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Journeying with SVD Internationality
vis-à-vis Multi-Culturality

Anthony PORUTHUR, SVD.

1. On a Personal Note

Unlike the staring of an article in the usual way let me take the privilege of a frequent contributor to the pages of Verbum SVD and come to the introduction of present one on a personal note. Life is often compared to a journey by poets and literary figures. This sojourn for me as an SVD began way back in 1967. I landed up in the minor seminary of the congregation by chance as my then parish priest sent me to join there with a recommendation letter. I had not known then anything about the charism and other special features of the society. But with the passage of time it began to dawn on me that there are some cherished ideals in the way the members live as well as do their mission throughout the world.

The journey continued with the usual ups and downs. Then at the age of 58 when I moved as a missionary to another continent, to another culture to be with another race, people with a different colour of skin many eye-brows were raised. Perhaps it was like the story of our Father in Faith, Abraham, of course in a small way (Gen. 12:1). What I happened to observe about myself prior to my departure was that I did not get worried about this major change going to take place in my life. When I asked myself ‘why so?’ there was an answer welling within me that as an SVD I would be made to feel at home by my confreres even though I was entering a totally strange county.

For me as an SVD internationality is a daily, living reality and I felt happy when the Society chose as its theme “From Every Nation, People and Language: Sharing Intercultural Life and Mission”, for the XVII General Chapter held in 2012. Unsurprisingly it has emerged from the core values of the society right from the foundation of the society. The present article is a simple assembling of some reflections on the meaning of internationality, its earliest origin, its implications for the society. Perhaps it may resonate with other Ad Gentes congregations and may have some relevance for the mission of the Church as a whole.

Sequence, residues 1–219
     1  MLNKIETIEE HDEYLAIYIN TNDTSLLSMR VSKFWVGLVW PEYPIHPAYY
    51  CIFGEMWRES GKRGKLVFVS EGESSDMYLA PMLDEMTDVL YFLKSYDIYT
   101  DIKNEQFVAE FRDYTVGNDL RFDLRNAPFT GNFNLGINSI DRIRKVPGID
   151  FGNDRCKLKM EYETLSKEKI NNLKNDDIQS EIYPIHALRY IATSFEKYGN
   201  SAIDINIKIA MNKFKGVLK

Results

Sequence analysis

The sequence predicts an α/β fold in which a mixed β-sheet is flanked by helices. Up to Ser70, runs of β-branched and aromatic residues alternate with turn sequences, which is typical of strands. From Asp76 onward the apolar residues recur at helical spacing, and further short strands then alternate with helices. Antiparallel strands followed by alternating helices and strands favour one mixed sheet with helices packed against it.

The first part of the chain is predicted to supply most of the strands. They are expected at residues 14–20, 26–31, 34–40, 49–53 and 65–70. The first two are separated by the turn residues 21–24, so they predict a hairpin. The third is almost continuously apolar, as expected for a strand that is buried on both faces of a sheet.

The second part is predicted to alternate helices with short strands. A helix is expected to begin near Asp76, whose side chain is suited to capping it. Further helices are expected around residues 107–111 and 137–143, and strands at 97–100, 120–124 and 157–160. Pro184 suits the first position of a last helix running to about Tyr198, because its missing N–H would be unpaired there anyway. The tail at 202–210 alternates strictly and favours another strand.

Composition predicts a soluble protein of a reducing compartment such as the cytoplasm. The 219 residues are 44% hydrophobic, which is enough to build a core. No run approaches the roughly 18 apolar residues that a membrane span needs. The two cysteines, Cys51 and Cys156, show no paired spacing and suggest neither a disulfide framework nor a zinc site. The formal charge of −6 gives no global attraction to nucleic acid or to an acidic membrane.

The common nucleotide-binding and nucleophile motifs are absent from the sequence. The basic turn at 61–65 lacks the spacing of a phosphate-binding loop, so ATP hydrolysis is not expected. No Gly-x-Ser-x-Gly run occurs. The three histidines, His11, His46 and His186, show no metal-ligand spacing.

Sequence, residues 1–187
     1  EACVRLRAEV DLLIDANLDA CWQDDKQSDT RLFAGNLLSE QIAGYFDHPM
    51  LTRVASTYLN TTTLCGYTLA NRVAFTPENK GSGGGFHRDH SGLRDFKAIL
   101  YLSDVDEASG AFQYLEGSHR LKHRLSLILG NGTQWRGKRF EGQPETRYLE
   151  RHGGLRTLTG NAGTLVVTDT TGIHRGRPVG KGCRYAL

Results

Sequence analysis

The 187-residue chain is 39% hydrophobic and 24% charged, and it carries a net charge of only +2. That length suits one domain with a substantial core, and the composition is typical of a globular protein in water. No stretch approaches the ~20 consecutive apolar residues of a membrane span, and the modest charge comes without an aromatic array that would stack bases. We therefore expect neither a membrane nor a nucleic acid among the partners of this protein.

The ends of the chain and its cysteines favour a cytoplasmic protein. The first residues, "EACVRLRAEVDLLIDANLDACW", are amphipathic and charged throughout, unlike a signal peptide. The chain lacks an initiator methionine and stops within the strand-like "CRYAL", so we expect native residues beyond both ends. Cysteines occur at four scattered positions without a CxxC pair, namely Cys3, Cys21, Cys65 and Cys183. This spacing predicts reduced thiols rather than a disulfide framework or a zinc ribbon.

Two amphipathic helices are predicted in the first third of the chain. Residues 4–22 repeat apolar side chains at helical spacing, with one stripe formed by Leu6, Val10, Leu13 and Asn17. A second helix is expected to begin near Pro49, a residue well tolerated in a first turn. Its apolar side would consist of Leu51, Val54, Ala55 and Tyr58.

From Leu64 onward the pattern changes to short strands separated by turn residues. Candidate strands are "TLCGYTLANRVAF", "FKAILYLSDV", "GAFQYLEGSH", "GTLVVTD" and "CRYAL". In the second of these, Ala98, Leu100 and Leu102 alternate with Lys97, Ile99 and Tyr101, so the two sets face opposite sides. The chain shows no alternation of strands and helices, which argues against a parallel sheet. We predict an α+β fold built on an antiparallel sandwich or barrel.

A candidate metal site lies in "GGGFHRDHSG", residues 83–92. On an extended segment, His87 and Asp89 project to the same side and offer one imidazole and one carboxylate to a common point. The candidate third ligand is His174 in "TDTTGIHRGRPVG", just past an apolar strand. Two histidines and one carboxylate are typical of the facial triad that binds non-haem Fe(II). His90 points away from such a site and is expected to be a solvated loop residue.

2. Ethnocentrism Ingrained in Human Nature

A newly consecrated bishop from Asia once narrated his own experience of visiting the family of his benefactor in Europe, way back in 1970s. He was warmly welcomed and also made to feel at home. At dinner time he found one of the grandchildren of his host was not present. When they were looking for the boy they found him in the room given to the honourable guest. He was quietly searching on the bed where the bishop had lied down for siesta if any image of his body was imprinted on the white sheet. Obviously this youngster had different impressions about people of another race.

To illustrate this point that ethnocentrism is a universal phenomenon take the case of the writer, Aubrey Menen who is of Indo-British descent. He was taken aback to hear from his Hindu paternal grandmother the impressions she had about the people of the White Race and even looked down upon them. Interestingly this elderly woman would not mind calling the British as ‘heathen’ just like until recent times Christians used to do with non-Christians.1

As culture is a dynamic and vital factor of human life besides Christianity other major religious too face the challenge of encountering the ethos of various tribes, ethnic groups, etc. Islam too is no exception. It is said from its place of origin in the Middle East when it spread eastwards the rigidity of its traditions is quite much watered down. Take for instance the freedom enjoyed by women in some of the Moslem countries.2

3. Ethnicity Precedes Religion

People may be baptized Christians; may be attending church regularly. But when it comes to the ethnic element religion can be a forgotten entity. A case in point is the notorious Rwanda genocide. Hutus and Tutsis who form the vast majority of the population are both Catholics. But both tribes went on killing each other.3 Even if one belonged to a religious congregation it did not matter. Three Jesuits were shot and killed in their retreat house.4 Even religious cooperated with their own ilk for mass murder.5

Around 80% of Kenya’s population supposedly follows various Christian denominations and churches. But after the general election of 2007 large scale violence and killing followed. According to official statistics over a thousand people were butchered. Even 34 persons who had taken shelter in a church were burned alive. Thousands were rendered homeless and became ‘Internally Displaced People’. They lost their own land and houses all their belongings.6 It was in this context the then Archbishop of Nairobi, Raphael Ndingi made the following, oft-quoted statement: “Ethnicity precedes religion.”

Ethnic conflicts can occur even within religious institutes. In one such case sisters from one particular tribal group demanded that recruitment of vocations from another tribe should be stopped. Because of tensions between groups provinces get divided as a last resort. It is against such background that the value of SVDs living and working in intercultural groups should be seen.

Many religious communities experience tension not so much on matters of faith but on food and language.7 Communities can have divisions and even animosity on account of such issues betraying that after all religious too are just human. At those times they can forget that they had made a commitment once, lying prostrate on the floor. In this scenario great ideals to make sacrifices for the mission can just evaporate in thin air.

4. Culture Tensions in the Apostolic Church

The Church led by the Apostles has placed on record the tension that existed among various ethnic groups. First of all there was the complaint of discrimination. The Greek-speaking Jews alleged that their widows were neglected (Acts 6:1). Then there is the account of Peter having a vision, a voice instructing him to kill and eat. Then he as a faithful practitioner of Judaic law responded that he has not eaten anything unclean (Acts 10:13, 14).